Stem-Cell Debate Returning to Center Stage The Senate is expected to pass legislation that would expand the number of embryonic stem-cell lines eligible for federal research funding. The House passed similar legislation, but a presidential veto is expected.
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Stem-Cell Debate Returning to Center Stage

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Stem-Cell Debate Returning to Center Stage

Stem-Cell Debate Returning to Center Stage

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RENEE MONTAGNE, host:

It's MORNING EDITION from NPR News. Good morning, I'm Renee Montagne.

STEVE INSKEEP, host:

And I'm Steve Inskeep. Welcome back.

This report may start out sounding like you've heard it before. The Senate is expected to pass legislation on stem cell research today. It would expand the number of embryonic stem cell lines eligible for federal research money. It's almost the same bill that passed last year. And just like last year, President Bush is expected to veto it if it reaches his desk.

Now here's what might be different. Democrats hope they might have the votes to override that veto, as NPR's David Welna reports.

DAVID WELNA: This time, there are several newly-elected Democrats backing this cause who replaced Republicans who'd opposed it. What's more, National Institutes of Health Director Elias Zerhouni last month broke with the White House on stem cells.

He told a Senate panel the nation would be better served if American scientists were given access to more embryonic stem cell lines than the couple of dozen that President Bush sanctioned nearly six years ago. Iowa Democrat Tom Harkin is the chief sponsor of the bill expanding such access. And he urged his colleagues to heed the NIH director's advice.

Senator TOM HARKIN (Democrat, Iowa): Now Dr. Zerhouni is the federal government's top scientist in the area of medical research. President Bush appointed him to be the director of the National Institutes of Health. So it took great courage on his part to say in public that we need to change direction on stem cell research, but he did so because it's the truth.

WELNA: There's broad public support for more stem cell research since it holds the promise of curing everything from Alzheimer's disease to juvenile diabetes. So a vote against Harkin's bill could hurt senators facing tough reelection bids next year.

One such senator is Minnesota Republican Norm Coleman. He's co-sponsoring a competing stem cell bill that senators leery about using human embryos can vote for later today. It, too, calls for more stem cell research, as long as it does not involved viable human embryos.

Senator NORM COLEMAN (Republican, Minnesota): Some would say it's not all we want, but we're moving the science forward. Let's do that. Hopefully, real hope will be given, and real cures ultimately will be found. And we'll have done in a way that that doesn't - have engaged the culture wars, but in the end, makes real progress with real science.

WELNA: Both stem cell bills are expected to easily pass with more than 60 votes. The big question is whether there's the two-thirds majority needed to override a presidential veto of the bill supporting more embryonic stem cell research.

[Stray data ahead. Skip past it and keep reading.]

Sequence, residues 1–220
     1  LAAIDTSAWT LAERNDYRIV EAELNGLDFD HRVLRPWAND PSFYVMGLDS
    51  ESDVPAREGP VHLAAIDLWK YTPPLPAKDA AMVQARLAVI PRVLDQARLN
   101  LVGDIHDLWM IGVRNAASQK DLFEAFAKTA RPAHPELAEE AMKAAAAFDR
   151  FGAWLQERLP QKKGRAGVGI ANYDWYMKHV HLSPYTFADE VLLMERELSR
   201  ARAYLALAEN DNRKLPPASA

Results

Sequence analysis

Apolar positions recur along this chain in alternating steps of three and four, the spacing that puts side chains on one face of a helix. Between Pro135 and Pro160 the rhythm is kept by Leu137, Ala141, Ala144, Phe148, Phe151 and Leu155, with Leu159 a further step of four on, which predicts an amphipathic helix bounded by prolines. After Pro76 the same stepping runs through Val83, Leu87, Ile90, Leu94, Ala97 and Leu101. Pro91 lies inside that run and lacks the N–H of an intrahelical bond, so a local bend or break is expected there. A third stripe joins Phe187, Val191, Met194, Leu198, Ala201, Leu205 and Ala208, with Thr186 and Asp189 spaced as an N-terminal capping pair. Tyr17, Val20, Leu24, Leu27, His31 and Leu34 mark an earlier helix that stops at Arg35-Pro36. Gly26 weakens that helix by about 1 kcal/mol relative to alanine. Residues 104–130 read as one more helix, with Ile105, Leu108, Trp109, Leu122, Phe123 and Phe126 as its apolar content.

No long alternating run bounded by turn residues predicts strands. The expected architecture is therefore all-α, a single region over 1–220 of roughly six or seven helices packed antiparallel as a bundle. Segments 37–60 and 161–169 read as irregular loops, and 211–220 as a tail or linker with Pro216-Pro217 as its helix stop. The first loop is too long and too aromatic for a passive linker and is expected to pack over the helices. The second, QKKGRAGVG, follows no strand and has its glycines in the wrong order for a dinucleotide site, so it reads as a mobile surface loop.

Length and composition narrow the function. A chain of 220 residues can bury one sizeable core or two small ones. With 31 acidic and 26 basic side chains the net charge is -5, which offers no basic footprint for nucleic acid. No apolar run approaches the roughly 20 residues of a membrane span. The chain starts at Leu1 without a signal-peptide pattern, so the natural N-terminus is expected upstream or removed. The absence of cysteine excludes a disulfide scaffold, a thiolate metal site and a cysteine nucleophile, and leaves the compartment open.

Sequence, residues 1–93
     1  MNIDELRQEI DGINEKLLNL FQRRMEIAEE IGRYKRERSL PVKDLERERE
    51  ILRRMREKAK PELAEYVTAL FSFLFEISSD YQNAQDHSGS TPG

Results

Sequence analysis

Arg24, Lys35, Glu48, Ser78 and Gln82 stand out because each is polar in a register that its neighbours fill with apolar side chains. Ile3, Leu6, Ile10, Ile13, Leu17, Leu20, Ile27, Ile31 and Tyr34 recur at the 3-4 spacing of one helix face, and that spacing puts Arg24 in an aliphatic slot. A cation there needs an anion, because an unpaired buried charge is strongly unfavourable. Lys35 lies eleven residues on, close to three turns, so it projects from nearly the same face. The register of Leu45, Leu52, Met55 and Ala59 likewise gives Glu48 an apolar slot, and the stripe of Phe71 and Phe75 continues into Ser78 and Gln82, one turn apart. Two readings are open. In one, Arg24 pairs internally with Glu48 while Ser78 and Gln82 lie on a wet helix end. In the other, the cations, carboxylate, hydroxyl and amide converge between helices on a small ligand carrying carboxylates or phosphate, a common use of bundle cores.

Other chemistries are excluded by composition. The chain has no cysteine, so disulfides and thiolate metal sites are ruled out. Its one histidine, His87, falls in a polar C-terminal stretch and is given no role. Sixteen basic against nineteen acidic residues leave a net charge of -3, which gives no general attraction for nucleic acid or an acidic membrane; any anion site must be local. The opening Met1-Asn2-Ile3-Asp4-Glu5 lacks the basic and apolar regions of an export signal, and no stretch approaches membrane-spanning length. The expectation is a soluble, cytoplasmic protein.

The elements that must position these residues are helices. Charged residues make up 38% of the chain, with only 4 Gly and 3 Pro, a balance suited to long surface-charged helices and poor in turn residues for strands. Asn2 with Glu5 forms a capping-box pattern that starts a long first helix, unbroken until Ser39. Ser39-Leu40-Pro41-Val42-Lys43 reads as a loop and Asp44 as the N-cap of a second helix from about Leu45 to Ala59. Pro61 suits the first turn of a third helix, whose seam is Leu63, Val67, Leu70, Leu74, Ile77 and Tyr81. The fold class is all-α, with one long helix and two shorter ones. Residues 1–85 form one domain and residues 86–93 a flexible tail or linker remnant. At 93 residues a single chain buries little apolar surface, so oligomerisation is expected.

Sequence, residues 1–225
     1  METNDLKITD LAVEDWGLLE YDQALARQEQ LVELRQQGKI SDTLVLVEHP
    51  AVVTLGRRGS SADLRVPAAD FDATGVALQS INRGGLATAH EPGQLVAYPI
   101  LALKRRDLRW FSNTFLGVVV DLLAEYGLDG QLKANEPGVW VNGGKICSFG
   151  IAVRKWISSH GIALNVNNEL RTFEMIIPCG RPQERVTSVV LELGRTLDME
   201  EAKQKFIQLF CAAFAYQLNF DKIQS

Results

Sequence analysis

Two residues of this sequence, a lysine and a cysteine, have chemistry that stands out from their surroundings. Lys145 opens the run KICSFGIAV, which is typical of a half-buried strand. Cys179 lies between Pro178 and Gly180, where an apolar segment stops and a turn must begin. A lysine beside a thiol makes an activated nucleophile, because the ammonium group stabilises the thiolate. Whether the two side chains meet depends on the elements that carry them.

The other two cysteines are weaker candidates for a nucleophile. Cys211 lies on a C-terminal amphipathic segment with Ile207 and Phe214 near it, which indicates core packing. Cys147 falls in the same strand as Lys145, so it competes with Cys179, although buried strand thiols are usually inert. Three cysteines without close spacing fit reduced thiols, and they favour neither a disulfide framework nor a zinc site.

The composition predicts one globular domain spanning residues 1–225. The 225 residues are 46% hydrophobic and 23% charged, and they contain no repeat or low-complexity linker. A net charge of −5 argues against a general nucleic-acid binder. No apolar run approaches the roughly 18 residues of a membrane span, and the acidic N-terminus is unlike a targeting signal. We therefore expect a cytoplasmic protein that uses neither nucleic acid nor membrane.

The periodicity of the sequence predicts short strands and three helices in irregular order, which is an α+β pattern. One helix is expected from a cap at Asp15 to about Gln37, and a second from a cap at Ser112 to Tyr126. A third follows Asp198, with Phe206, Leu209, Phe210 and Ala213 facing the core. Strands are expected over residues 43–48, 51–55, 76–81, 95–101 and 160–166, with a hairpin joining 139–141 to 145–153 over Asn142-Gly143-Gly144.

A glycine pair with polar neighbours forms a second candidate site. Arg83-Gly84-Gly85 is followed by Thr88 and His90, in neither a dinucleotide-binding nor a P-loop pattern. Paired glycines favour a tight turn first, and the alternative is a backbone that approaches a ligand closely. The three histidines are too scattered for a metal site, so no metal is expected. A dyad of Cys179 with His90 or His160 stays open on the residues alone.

California Democrat Dianne Feinstein called on groups backing it to pressure lawmakers.

Senator DIANNE FEINSTEIN (Democrat, California): We're very close to making a veto-proof bill. But it's really up to you - it's really up to your now coming forward and rallying people to call members in the Senate that might be turned around by the specific nature of this bill - the fact that it has passed the House once, the fact that we have something which is essentially as big a compromise as we can possibly make.

WELNA: That compromise involved adding language supporting other kinds of stem cell research as well. Still, Utah Republican Orrin Hatch, who backs the bill, says it did not help that Democrats made stem cell research a campaign issue last year.

Senator ORRIN HATCH (Republican, Utah): I tried to talk my colleagues into not making it political in the last election. I think that cost us. I think we would have probably 70 votes today if it hadn't been made political in the last election.

WELNA: But bill sponsor Harkin says that election had a big lesson for lawmakers - namely, that if they oppose expanding access to embryonic stem cells, they do so at their peril.

Sen. HARKIN: As you looked across the landscape, that was clear that the people voted last November for candidates who supported embryonic stem cell research - on both sides of the aisle, I might add. It wasn't necessary at one party or the other.

WELNA: Democrats concede, though, that while they may be within one vote of a veto-proof bill on the Senate, getting a similar two-thirds majority in the House will be much harder. And that's what it would take to override the presidential veto, threatened again yesterday by the White House.

David Welna, NPR News, the Capitol.

INSKEEP: Here's a bit of a timeline. The first embryonic stem cells were isolated in mice in 1981. It wasn't until 1998 that researchers managed to derive stem cells from human embryos, and you can follow key moments in the resulting ethical debate at npr.org.

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